Heritage rock, once the preserve of grey-haired bands from the sixties and seventies, is now deep within the "alternative indie" music of two decades ago. Spurred on by the modern day success of the Don't Look Back brand ethos as well as festivals such as All Tomorrow's Parties offering quick reunion fixes, the everlasting present of rock music has now reached the early nineties rock scene, giving us the bizarre sight of Pixies in 2009 touring their classic Doolittle album twenty years on.
Mudhoney, to their credit, never really went away. One of the first signings to Seattle's Sub Pop label, round about the same time a fledgling lesser-known Nirvana also started doing the rounds; Mudhoney lit the touch paper on the grunge explosion before meandering off into more workmanlike directions.
This ultra rare Edinburgh date is part of a small tour backing vinyl reissues of their first two LPs, Superfuzz Bigmuff and Every Good Boy Deserves Fudge. Seems like another evenings worth of nostalgia on offer, a feeling compounded by the eager, capacity Picture House crowd turning the venue into an Edinburgh Students' Union 1991 reunion party. Swathed in check shirts and plaid, the grunge generation are looking slightly heavier and worn.
Support band The Vaselines maintain the Cobain-friendly vibe. The Bellshill five-piece are best known for having their single "Son of A Gun" covered on Nirvana's Insecticide album. Eugene Kelly and Frances McKee have the air of reticent librarians on their night off, but they have a comfortable rapport with the audience which belies the sugar-coated ferocity of The Vaselines three-guitar sound.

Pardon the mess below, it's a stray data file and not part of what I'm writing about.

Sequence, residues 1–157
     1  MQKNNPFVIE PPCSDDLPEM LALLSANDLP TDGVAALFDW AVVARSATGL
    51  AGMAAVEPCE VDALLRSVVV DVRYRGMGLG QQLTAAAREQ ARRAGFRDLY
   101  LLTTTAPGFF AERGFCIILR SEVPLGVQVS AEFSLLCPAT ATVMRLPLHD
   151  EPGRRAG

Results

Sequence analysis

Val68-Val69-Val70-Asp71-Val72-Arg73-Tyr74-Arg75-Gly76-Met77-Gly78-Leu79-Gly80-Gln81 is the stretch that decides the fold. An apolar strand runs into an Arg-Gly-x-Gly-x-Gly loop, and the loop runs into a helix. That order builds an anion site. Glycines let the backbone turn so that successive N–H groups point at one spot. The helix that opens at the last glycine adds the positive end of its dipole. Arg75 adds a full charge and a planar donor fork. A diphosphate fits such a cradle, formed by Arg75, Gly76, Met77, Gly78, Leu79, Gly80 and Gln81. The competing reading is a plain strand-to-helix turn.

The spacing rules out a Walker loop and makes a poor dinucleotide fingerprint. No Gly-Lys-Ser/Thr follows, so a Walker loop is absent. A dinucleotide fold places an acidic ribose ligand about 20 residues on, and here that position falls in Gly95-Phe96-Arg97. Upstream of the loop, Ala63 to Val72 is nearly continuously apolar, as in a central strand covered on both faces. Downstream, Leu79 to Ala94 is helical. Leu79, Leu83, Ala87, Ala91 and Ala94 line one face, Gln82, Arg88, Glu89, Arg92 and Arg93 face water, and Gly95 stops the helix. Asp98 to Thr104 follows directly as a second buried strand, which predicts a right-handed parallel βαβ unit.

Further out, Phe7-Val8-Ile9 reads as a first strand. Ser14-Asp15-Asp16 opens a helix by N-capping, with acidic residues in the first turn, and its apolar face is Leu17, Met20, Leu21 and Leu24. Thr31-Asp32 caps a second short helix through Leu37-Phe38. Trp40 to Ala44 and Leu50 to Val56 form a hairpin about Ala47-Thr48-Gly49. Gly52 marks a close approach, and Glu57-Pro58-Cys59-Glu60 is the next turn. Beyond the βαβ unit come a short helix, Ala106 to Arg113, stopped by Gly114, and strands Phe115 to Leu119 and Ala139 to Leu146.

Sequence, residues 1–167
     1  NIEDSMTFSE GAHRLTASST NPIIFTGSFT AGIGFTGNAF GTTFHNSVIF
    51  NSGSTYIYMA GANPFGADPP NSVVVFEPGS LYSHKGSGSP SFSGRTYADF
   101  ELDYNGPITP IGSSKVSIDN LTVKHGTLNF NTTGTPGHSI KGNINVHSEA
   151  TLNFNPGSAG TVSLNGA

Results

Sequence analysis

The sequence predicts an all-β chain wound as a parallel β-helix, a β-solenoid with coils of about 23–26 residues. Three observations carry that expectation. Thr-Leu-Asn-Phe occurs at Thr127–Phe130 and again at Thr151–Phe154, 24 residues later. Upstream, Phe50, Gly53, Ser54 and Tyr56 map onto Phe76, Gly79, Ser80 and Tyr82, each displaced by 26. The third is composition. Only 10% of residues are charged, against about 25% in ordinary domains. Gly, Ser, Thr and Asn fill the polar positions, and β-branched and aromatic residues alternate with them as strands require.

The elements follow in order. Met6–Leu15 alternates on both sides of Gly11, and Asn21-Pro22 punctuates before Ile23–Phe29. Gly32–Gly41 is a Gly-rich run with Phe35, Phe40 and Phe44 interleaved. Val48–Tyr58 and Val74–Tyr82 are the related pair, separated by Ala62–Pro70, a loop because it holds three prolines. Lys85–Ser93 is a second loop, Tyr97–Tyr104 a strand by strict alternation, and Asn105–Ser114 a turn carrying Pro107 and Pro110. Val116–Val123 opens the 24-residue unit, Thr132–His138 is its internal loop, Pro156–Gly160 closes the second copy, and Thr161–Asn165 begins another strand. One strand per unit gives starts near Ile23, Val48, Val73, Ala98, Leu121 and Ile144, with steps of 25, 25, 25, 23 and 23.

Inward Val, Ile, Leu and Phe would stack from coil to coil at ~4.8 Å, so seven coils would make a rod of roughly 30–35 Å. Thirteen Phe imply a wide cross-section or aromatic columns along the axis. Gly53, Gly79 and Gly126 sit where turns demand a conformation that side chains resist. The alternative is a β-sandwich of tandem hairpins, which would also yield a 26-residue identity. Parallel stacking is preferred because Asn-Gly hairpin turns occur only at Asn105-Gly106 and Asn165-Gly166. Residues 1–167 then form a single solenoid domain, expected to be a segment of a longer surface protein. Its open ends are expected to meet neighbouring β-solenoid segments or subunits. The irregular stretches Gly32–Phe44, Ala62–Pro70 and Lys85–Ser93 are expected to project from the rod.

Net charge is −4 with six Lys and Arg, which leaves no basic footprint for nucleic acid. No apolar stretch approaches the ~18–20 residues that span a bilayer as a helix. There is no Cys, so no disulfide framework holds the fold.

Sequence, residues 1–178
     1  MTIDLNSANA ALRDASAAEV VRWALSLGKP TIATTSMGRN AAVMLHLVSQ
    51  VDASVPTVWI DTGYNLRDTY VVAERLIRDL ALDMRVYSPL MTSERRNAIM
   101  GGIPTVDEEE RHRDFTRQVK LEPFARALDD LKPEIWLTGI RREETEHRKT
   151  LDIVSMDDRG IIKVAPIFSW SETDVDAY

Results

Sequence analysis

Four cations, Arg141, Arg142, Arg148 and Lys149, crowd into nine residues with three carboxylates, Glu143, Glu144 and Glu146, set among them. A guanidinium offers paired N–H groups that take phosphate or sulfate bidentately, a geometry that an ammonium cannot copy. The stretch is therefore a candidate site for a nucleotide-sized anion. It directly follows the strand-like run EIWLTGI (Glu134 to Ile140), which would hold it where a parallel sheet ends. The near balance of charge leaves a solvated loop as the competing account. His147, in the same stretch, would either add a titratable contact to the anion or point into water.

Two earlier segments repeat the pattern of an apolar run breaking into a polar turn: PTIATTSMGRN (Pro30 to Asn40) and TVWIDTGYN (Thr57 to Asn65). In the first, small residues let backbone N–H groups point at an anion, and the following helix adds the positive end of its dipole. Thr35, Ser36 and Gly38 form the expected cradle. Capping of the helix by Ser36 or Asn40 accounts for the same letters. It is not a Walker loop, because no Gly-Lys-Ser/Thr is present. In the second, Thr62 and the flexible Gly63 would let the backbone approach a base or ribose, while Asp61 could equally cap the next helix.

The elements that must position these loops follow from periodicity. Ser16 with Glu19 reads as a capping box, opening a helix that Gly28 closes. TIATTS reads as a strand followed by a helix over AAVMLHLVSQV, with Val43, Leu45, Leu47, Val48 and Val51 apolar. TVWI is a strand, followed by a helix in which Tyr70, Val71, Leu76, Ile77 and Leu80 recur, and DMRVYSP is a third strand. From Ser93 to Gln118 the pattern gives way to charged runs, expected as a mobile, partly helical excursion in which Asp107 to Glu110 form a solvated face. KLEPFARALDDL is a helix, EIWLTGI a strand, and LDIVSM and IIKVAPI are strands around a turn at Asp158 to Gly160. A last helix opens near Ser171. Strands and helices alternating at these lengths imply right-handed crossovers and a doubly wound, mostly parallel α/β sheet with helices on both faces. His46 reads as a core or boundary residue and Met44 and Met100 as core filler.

When Mudhoney take the stage not long after, they sound surprisingly weak. Frontman Mark Arm pulls all the right Iggy contortions out of the book, but there seems to be a whole load of pummelling going on up there which doesn't have any real immediate effect. But this is just a brief opening blip, and after a few songs, round about the time Arm straps on a second glittery guitar, Mudhoney just ROCK. The Iggy comparison becomes even more valid, as the band owe a great deal to The Stooges. Razor wire electric guitars scything over a lasciviously supple rhythm section, topped off with hysterical edge-of-total-meltdown vocals.
By the time they barrel through the ever eternal "Touch Me I'm Sick", the constantly moshing crowd is eating out of their hands. The set is packed with early classics, enhancing the early nineties Friday Night down Potterrow feel, and by the final burst of visceral sleaze which is "Sweet Young Thing Ain't Sweet No More", one can't help wishing that Mudhoney got out a whole lot more. A night of authentic, honest-to-goodness, unironic rock'n'roll. What more can any generation ask for?